“Trend” can have a positive or negative connotation.
On the other hand, trends can be lasting landscape changes. Some trends—that supercomputer in your pocket, for example—are thankfully here to stay, at least until a newer, better version comes along.
In the moment, when you’re running a small business, it can be hard to tell which trends are here to stay and which aren’t.
When it comes to managing a call center, you want to be on the cutting edge of your industry without falling for every new fad that comes along. To do that, you have to stay informed and make decisions about which trends to adopt.
One way to tell which trends to pay attention to is to look at the call center landscape. What are market experts writing and talking about? And what does all of it mean for your business?
3 trends that are making a lasting impact on the call center industry
Below, I’ve identified three trends that are changing the way call centers do business. I’ve also paired each trend with some advice on how small business can prepare for them.
Trend 1: Digital transformation
Right now, call centers focus exclusively on calls, while contact centers focus on telephone, email, and online communications.
But both should be focusing more on online communication.
As of 2016, 42% of all customer interactions had become digital. By 2019—according to Deloitte’s 2017 Global Contact Center Survey—50% will be digital.
The same survey also shares predictions about future customer interaction channels:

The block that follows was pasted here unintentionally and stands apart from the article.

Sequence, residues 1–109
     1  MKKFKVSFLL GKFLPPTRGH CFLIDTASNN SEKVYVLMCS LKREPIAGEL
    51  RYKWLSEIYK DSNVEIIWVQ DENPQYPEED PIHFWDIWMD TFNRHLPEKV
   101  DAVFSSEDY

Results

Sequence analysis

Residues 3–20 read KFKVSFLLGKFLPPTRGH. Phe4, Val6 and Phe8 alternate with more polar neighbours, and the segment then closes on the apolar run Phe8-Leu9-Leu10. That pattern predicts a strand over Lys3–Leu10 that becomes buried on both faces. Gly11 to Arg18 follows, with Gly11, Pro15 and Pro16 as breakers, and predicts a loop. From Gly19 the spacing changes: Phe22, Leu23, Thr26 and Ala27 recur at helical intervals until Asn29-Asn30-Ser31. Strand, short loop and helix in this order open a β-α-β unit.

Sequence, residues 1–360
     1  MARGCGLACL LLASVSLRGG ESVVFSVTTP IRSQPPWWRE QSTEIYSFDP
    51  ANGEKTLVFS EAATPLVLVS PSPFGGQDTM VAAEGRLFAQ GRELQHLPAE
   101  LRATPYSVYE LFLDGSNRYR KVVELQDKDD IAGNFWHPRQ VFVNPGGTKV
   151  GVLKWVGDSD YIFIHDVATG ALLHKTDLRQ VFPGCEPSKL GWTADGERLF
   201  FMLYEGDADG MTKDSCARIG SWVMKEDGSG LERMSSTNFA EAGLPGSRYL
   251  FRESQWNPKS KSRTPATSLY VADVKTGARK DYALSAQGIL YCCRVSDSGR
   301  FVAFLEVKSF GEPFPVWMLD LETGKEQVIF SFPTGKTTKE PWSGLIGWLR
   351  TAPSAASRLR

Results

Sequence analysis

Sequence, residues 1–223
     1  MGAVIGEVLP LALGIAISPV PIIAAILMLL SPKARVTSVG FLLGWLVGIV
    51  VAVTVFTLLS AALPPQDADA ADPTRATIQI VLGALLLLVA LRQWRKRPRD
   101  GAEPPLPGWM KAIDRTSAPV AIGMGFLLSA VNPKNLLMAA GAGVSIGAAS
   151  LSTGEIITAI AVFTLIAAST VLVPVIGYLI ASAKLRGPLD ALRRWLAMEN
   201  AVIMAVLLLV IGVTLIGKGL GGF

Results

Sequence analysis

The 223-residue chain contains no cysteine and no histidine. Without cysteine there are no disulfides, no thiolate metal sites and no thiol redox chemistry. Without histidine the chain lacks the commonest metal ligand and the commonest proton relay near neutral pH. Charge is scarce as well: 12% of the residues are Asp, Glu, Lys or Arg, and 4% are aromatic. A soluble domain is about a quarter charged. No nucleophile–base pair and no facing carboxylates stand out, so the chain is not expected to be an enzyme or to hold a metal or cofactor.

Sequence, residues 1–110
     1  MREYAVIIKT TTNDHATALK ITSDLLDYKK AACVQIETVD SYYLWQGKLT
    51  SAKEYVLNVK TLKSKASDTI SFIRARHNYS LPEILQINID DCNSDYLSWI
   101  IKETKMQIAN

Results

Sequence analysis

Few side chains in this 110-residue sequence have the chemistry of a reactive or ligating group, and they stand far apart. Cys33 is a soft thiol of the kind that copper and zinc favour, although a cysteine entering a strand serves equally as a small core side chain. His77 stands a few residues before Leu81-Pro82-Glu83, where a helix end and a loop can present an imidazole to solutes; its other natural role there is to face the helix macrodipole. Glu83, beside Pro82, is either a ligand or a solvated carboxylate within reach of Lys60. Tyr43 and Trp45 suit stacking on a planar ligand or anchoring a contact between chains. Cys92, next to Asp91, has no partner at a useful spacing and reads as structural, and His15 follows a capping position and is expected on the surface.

Deloitte Global Contact Center Survey predictions about customer interactions in 2019 (Source)
Generation Z (people born after 1995) will form a full 30% of the U.S. population by 2020. One natural result of this population shift is changes in customer interaction preference.
Small and midsize businesses often have smaller budgets, which can be a double-edged sword for digital transformation. On the one hand, the benefits of moving communications from phone to online channels are huge. On the other, experimenting with offering new channels takes money.
How to prepare your call center for digital transformation:
With the increasing usage of digital channels, call centers need to expand and create omnichannel experiences for their customers. Take advantage of your nimbleness (compared to enterprise competitors) by running smaller experiments with new channels.
Today, the customer experience still varies across channels. Only 36% of contact centers can track a customer journey across multiple channels. These disparate experiences and frustrated customer journeys will only increase as contact centers expand to support interactions on mobile apps and social media platforms.
The good news is that you can use technology to provide more consistent and comprehensive experiences. Choose call center software with live chat functionality, which not only makes it easier to offer phone-averse customers access to help but also facilitates a consistent experience since all customer information moves seamlessly between channels for agents.
Trend 2: Better analytics
Call centers are starting to increase their use of analytics to better understand how decisions impact their bottom line. For example, many call center managers are now tracking customer experience and churn rate because they’re seeing how closely those metrics align with revenue.
Customer happiness drops and churn rate bumps are canaries in the proverbial coal mine; companies need to keep a close watch on these metrics to know when they need to change something about the way they’re doing business.
Today, only 17% of call centers can identify the friction points that cause negative customer experiences. Expect that number to go up considerably over the next few years as call centers realize the financial power of harnessing metrics.